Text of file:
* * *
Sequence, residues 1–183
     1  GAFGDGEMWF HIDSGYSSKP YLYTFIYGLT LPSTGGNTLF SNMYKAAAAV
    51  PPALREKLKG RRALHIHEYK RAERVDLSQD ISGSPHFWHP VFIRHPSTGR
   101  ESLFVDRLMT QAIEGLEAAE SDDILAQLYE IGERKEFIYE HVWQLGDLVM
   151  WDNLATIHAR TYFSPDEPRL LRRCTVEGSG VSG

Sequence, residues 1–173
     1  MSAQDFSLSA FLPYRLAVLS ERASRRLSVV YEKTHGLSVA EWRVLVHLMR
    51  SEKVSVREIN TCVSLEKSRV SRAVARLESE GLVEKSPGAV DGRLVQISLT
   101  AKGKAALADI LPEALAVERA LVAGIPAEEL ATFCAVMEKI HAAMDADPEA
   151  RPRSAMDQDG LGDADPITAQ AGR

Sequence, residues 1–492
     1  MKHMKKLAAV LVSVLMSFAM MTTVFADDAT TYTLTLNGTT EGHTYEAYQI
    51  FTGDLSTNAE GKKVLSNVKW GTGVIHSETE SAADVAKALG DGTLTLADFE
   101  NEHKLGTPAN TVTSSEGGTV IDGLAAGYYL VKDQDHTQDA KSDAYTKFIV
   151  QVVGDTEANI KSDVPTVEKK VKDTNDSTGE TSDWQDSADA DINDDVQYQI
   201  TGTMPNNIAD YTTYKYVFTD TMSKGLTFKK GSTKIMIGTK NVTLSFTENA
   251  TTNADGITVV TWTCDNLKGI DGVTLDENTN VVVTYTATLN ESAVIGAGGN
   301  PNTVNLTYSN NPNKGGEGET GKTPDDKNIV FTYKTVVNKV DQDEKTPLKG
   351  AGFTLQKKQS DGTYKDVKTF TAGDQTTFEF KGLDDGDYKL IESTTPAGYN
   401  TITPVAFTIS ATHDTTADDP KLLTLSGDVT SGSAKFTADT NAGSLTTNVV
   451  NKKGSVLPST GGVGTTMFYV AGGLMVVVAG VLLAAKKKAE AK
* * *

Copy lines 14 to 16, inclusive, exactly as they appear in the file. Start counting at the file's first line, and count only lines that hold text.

   101  NEHKLGTPAN TVTSSEGGTV IDGLAAGYYL VKDQDHTQDA KSDAYTKFIV
   151  QVVGDTEANI KSDVPTVEKK VKDTNDSTGE TSDWQDSADA DINDDVQYQI
   201  TGTMPNNIAD YTTYKYVFTD TMSKGLTFKK GSTKIMIGTK NVTLSFTENA